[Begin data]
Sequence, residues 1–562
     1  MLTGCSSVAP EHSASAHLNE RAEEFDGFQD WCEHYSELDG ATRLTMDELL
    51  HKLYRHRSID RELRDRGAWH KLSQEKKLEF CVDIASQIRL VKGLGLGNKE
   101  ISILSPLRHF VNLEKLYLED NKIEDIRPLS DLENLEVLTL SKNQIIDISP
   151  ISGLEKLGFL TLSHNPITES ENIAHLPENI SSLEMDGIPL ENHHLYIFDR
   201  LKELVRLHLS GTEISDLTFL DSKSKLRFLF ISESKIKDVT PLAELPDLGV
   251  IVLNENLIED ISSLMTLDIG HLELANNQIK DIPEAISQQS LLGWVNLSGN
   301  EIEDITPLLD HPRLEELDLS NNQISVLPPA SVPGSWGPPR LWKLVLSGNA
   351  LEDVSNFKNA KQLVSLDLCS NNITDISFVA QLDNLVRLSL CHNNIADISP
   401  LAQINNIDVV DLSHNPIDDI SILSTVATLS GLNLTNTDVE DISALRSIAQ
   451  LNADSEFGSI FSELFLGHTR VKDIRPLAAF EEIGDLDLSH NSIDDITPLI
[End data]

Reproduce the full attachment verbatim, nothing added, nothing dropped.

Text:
Sequence, residues 1–562
     1  MLTGCSSVAP EHSASAHLNE RAEEFDGFQD WCEHYSELDG ATRLTMDELL
    51  HKLYRHRSID RELRDRGAWH KLSQEKKLEF CVDIASQIRL VKGLGLGNKE
   101  ISILSPLRHF VNLEKLYLED NKIEDIRPLS DLENLEVLTL SKNQIIDISP
   151  ISGLEKLGFL TLSHNPITES ENIAHLPENI SSLEMDGIPL ENHHLYIFDR
   201  LKELVRLHLS GTEISDLTFL DSKSKLRFLF ISESKIKDVT PLAELPDLGV
   251  IVLNENLIED ISSLMTLDIG HLELANNQIK DIPEAISQQS LLGWVNLSGN
   301  EIEDITPLLD HPRLEELDLS NNQISVLPPA SVPGSWGPPR LWKLVLSGNA
   351  LEDVSNFKNA KQLVSLDLCS NNITDISFVA QLDNLVRLSL CHNNIADISP
   401  LAQINNIDVV DLSHNPIDDI SILSTVATLS GLNLTNTDVE DISALRSIAQ
   451  LNADSEFGSI FSELFLGHTR VKDIRPLAAF EEIGDLDLSH NSIDDITPLI